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Cabbage (Brassica oleracea) is a cool-season crop with a high cold tolerance; however, heads may bolt (flower prematurely) in warm temperatures. Cabbage is mainly grown for fresh market sales in Kentucky, where growers have in the past planted significant contracted acreage for the processing market.



cabbage plant

Fresh market options for Kentucky cabbage producers include wholesale marketing through produce auctions and cooperatives, as well as restaurants and local retailers. Direct markets for fresh cabbage include farmers markets, roadside stands and Community Supported Agriculture (CSA) shares. Fresh cabbage sales are heavily influenced by fresh-cut coleslaw consumption and the use of red cabbage in salad mixes. Fresh cabbage use per capita has declined substantially in recent years, from 8.9 pounds per capita in 2000 to 6.3 pounds in 2016. Access to fresh-cut processing will be critical for Kentucky producers seeking profitability from large-scale cabbage production.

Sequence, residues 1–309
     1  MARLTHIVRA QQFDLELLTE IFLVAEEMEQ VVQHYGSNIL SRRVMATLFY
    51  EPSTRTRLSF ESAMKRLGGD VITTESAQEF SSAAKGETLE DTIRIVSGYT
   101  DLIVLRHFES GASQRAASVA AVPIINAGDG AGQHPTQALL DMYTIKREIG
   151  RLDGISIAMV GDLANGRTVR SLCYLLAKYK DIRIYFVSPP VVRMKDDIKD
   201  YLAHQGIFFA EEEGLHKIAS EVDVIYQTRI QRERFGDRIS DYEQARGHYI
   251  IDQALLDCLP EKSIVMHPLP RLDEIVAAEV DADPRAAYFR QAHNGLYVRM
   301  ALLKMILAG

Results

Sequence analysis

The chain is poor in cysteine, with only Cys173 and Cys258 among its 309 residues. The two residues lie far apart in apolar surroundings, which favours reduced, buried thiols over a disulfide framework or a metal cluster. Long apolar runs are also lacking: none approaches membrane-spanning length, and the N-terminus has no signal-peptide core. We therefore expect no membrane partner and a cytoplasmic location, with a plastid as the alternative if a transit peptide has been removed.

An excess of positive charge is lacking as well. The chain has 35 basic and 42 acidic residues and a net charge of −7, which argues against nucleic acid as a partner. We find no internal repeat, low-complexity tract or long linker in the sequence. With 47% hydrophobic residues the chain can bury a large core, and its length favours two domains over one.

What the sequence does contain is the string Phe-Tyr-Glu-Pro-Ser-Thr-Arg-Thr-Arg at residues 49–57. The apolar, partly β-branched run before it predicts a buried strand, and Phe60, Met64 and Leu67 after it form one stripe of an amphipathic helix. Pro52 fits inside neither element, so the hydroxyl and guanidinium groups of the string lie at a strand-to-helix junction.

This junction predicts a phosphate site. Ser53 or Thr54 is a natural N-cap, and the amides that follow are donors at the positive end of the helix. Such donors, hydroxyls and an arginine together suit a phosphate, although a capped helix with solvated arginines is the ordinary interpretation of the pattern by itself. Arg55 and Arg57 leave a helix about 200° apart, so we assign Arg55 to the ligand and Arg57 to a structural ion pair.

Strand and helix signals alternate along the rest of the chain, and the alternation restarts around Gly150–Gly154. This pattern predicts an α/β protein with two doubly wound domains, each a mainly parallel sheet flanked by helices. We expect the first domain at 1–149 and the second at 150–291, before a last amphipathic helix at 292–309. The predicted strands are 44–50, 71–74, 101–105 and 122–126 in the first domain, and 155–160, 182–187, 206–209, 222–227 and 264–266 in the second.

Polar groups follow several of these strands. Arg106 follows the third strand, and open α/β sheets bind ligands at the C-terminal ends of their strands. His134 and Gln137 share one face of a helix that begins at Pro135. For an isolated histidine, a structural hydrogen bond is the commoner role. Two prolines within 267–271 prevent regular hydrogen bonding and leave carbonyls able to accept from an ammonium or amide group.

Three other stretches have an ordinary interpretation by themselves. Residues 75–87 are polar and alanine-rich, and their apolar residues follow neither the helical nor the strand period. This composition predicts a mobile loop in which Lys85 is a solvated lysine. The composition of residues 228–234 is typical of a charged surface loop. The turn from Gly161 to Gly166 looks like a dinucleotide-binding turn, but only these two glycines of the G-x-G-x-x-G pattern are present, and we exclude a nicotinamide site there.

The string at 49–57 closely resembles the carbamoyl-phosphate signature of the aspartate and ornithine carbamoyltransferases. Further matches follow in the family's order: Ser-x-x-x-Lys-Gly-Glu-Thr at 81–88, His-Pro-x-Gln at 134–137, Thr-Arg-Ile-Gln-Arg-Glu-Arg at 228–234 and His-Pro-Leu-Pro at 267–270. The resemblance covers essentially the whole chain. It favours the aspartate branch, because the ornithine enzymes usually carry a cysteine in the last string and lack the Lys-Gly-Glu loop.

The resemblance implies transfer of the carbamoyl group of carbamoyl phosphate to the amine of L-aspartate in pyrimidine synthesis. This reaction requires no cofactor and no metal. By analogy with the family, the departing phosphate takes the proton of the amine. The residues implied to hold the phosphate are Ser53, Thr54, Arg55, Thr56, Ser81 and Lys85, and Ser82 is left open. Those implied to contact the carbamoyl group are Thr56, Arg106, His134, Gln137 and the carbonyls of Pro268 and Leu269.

Cabbage in the fieldGrowers should consider head size (small to large), shape (round, flat-round, conical and variations), density, and color (green, blue-green  or red), as well as leaf texture (smooth or savoy). Wrapper leaves (number, thickness and tightness) and core length can also vary among cultivars. Typically, cabbage heads grown for processing are much larger than those grown for the fresh market. Growers should consider growing varieties with the largest head size when producing for the processing market. Resistance and/or tolerance is available for Fusarium yellows, black rot, tip burn and bolting. Some varieties are better suited for fall production than spring production. Select locally adapted varieties that have the qualities in demand for the intended market.


See the full crop profile and other resources below: